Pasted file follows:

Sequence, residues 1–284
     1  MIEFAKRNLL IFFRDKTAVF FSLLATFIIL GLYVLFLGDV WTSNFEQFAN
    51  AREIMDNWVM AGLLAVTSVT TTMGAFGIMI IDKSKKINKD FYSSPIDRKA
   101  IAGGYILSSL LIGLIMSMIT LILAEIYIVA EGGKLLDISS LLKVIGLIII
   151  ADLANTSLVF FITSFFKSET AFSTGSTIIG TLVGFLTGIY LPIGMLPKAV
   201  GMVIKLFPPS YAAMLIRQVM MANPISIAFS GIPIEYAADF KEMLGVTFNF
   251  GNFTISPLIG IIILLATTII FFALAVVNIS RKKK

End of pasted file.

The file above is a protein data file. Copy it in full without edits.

Sequence, residues 1–284
     1  MIEFAKRNLL IFFRDKTAVF FSLLATFIIL GLYVLFLGDV WTSNFEQFAN
    51  AREIMDNWVM AGLLAVTSVT TTMGAFGIMI IDKSKKINKD FYSSPIDRKA
   101  IAGGYILSSL LIGLIMSMIT LILAEIYIVA EGGKLLDISS LLKVIGLIII
   151  ADLANTSLVF FITSFFKSET AFSTGSTIIG TLVGFLTGIY LPIGMLPKAV
   201  GMVIKLFPPS YAAMLIRQVM MANPISIAFS GIPIEYAADF KEMLGVTFNF
   251  GNFTISPLIG IIILLATTII FFALAVVNIS RKKK